“We don’t feel like D.C. should trust Walmart’s track record to build the future of this city,” Respect DC organizer Mike Wilson said Saturday morning. He spoke with TheFightBack in the lobby of Northwest One Public Library, just a couple blocks from the future site of the Ward 6 Walmart, one of six slated to come to D.C.
Wilson was scheduled to be among the panelists at a community meeting organized by Advisory Neighborhood Commission 6C on the Ward 6 Walmart planned for 801 New Jersey Ave, NW. Representatives from Walmart and JBG, the developer for the Ward 6 site (and the Fort Totten Walmart), were also scheduled to participate, but the meeting was suddenly cancelled Friday afternoon.
“Once Walmart and JBG found out that we had invited community members and residents to attend what they had wanted to be a closed meeting, it was cancelled by the Advisory Neighborhood Commission,” said Wilson. ANC 6C-01 Commissioner Keith Silver, who’s single member District includes the Ward 6 Walmart site, said that when things began playing out differently than he had anticipated, he and he alone pulled the plug on the meeting, without pressure from Walmart, JBG or the Bennett group, which controls the site at 801 New Jersey Avenue. Commissioner Silver hopes to reschedule the meeting in the very near future since site preparation is already under way.
A press release issued by Respect DC, a coalition working to make Walmart’s entry into D.C. conditioned upon its signing a community benefits agreement, said, “Walmart and JBG have attended only one community meeting [for the Ward 6 site] that was open to the public… That meeting [was] held over a year ago.”
Unlike D.C., which hasn’t held so much as a Council hearing on Walmart’s arrival, New York City has been proactive in dealing with the advances of the world’s largest retailer. “It would be shortsighted to allow this destructive monopolist to enter the New York City market via the Trojan Horse of ‘job creation,'” concluded a joint 2010 report by Hunter College and New York City Public Advocate Bill de Blasio.
In addition to the promise of jobs, Walmart argues that opening stores in urban markets is a solution to food deserts. A recent study by the Office of Manhattan Borough President Scott Stringer, however, concluded, “Walmart’s entrance into the New York City market could severely undermine – if not reverse – the progress made by [existing fresh produce initiatives].”
A report released last week by Food and Water Watch, “Why Walmart Can’t Fix the Food System,” explains why the country’s largest food retailer, which rakes in one-third of U.S. grocery sales, is not the solution to food deserts.
“When there is one player this large connecting food producers and food consumers, consumers are no longer the food industry’s customers – Walmart is. And the saying ‘the customer is always right’ has never been more appropriate. Walmart is such a large customer that even large food processors cannot refuse any demands that Walmart makes upon them. The company’s model is based on practices that drive consolidation; take money away from farmers, workers and processors; and drive agriculture to get more industrialized.”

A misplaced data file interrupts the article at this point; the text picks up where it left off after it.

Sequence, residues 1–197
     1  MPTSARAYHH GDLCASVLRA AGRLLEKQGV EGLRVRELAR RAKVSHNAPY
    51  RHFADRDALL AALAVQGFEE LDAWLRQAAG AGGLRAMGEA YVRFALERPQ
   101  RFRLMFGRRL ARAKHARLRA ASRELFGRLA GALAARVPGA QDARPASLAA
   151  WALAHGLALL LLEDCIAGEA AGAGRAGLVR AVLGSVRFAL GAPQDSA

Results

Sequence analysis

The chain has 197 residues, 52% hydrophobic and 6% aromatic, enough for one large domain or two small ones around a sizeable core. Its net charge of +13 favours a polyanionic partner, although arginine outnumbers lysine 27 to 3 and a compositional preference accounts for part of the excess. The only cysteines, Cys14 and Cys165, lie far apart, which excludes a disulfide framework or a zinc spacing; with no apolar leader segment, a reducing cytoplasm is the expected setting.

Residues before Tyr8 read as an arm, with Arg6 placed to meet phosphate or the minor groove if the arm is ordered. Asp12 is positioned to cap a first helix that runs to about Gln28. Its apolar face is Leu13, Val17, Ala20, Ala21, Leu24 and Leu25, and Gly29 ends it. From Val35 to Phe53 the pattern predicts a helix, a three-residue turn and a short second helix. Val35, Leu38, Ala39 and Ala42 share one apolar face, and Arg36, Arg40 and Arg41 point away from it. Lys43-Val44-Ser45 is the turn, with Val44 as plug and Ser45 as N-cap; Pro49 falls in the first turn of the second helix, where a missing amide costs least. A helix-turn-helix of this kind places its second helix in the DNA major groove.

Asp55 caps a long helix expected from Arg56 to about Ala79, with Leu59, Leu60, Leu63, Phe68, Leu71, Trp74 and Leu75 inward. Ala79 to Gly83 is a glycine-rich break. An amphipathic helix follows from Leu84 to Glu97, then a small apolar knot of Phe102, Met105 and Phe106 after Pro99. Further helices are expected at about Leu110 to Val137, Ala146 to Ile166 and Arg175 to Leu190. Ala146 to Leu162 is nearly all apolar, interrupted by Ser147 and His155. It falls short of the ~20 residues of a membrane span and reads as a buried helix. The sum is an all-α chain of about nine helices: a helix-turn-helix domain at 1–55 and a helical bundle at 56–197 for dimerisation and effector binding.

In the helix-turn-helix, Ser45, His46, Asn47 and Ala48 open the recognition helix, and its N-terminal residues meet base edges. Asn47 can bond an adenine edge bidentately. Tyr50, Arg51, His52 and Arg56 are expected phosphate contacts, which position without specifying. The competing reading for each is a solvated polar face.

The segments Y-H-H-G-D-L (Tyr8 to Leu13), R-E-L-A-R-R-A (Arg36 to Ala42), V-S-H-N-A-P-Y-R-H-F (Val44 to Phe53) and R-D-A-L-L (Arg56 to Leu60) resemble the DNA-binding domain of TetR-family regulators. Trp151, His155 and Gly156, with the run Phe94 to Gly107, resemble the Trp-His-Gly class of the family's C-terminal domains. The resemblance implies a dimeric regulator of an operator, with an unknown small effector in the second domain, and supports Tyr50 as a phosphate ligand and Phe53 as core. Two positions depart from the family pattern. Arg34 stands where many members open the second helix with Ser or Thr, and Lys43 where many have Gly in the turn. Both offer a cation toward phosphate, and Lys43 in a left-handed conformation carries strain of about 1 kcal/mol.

“It’s concerning to say the least that our elected officials, who are bringing these stores into D.C., aren’t willing to do the basic amount of research on what it’s going to mean long term for the city,” said Wilson, who thinks influence peddling is at least partly to blame for D.C. legislators’ lackadaisical approach to Walmart.
In Wards 4 and 7, where Walmart is looking to bring two stores each, the company’s lobbyist, David Wilmot, has done fundraisers and favors for the councilmembers. Wilmot threw a fundraiser for Ward 4 Councilmember Muriel Bowser at his home, and may have served on Bowser’s reelection finance committee, which she denies. In addition to throwing a fundraiser for Ward 7 Councilmember Yvette Alexander that was co-hosted by Mayor Vincent Gray, Wilmot recently acted as Alexander’s attorney in a case before the D.C. Office of Campaign Finance, for which he he charged her an undisclosed sum. “David Wilmot has been a family friend for years,” Alexander told the Post last year.
In addition to lobbying for Walmart, Wilmot has a stake in the Bennett Group which controls the New Jersey Avenue site thanks to a sweetheart deal with the District. Wilmot’s political connections may explain why the Bennett Group has paid so little in taxes while the valuable publicly owned property has laid fallow for more than two decades, serving as a parking lot for the federal government for much of it.
While political donations and favors may curry favor with councilmembers, Walmart brings in the big guns for the mayor. The Walmart/Walton Foundation has coughed up $3 million for a jobs training program and funded the recent IFF study of D.C. Public Schools (which not surprisingly reached the same conclusion as its paymaster: close public schools, open charters.) In 2010, the Walton Foundation donated $25 million towards the controversial teachers’ contract, which undermined tenure and sought to enshrine the anti-union Michelle Rhee as chancellor.
“There’s just no real willingness to look at the track record of this company,” said Wilson. “It’s just unfortunate that [our] elected officials have turned into either silent or loud cheerleaders for Walmart.”
Related Sites: www.respectdc.org